Seroya Crouch, ND

The primary cause of practitioner burnout

It’s hard to not take on the issues of your patients once you get to know them. Finding the balance of being empathetic and clear headed is what Dr. Seroya Crouch argues doctors must do to avoid burnout.

The Interview

When you become a practitioner, it’s quite shocking at first sometimes — the stories that you hear from people. Especially if you had a relatively “normal” or sheltered life. There’s a possibility for practitioners to actually have secondary traumatic stress from just listening to the stories of their patients.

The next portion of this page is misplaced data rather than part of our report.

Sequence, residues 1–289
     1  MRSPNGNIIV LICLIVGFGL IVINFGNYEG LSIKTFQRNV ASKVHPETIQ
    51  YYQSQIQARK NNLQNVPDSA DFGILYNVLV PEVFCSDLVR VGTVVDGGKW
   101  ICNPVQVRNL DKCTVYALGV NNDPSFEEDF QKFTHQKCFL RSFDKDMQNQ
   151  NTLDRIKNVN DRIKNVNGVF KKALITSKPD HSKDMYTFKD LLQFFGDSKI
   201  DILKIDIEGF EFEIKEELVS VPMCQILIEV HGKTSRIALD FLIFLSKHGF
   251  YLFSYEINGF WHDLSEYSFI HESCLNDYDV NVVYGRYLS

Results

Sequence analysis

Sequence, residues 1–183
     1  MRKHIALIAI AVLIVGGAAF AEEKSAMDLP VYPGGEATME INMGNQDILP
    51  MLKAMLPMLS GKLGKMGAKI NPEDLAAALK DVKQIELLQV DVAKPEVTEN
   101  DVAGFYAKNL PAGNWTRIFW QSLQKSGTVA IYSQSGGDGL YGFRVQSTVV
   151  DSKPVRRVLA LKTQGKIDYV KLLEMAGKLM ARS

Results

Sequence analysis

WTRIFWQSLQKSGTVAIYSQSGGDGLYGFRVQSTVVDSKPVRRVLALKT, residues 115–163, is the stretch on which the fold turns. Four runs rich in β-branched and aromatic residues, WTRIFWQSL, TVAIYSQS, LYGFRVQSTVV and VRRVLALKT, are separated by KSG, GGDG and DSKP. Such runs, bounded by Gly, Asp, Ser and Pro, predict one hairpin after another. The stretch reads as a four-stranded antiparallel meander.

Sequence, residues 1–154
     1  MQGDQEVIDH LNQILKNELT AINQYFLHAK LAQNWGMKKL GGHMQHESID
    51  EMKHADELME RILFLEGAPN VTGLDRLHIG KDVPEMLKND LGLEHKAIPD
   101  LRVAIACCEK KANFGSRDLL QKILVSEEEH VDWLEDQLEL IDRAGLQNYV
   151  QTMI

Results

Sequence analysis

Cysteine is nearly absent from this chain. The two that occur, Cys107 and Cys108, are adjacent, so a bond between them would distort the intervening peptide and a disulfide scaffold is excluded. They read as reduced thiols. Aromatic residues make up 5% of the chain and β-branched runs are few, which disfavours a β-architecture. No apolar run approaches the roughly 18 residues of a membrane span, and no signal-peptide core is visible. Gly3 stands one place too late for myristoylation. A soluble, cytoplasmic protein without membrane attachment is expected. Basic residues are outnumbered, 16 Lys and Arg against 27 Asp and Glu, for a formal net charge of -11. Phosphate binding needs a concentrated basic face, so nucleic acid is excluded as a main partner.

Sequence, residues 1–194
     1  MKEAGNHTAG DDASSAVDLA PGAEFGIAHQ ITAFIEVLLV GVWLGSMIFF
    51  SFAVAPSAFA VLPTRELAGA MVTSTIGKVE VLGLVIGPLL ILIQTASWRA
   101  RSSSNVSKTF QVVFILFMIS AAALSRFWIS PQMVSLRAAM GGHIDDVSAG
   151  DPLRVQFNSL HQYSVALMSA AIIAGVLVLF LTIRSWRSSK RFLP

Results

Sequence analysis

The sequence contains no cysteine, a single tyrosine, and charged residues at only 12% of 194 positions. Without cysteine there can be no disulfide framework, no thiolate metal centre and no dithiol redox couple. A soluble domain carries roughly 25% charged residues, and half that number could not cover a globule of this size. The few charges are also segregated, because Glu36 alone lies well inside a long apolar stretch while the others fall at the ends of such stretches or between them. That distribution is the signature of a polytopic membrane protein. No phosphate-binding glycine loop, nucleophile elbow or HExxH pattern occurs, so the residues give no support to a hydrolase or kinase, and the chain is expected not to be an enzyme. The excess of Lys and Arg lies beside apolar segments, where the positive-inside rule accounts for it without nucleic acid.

Many of us went into this field because we’re quite empathic, so we can be kind of like a sponge where we just absorb it all and then at the end of the day you’re kind of overwhelmed. I know a lot of practitioners who’ve burned out on practice, completely quit practice, and it’s just so painful for them. They just don’t have the tools to be able to manage it. There’s a way of being present with people that creates an exquisite sense of sensitivity and almost like a finely tuned listening ability — where you’re tuning into the other person as they’re talking or sharing, yet you’re not actually taking on their pain.

It’s very important for practitioners not to take on their patients’ pain. You’ve put so much effort and investment into your training that you have to have skills like this to be able to maintain longevity professionally — to be able to stay with it and come back every day and be able to be there for them.

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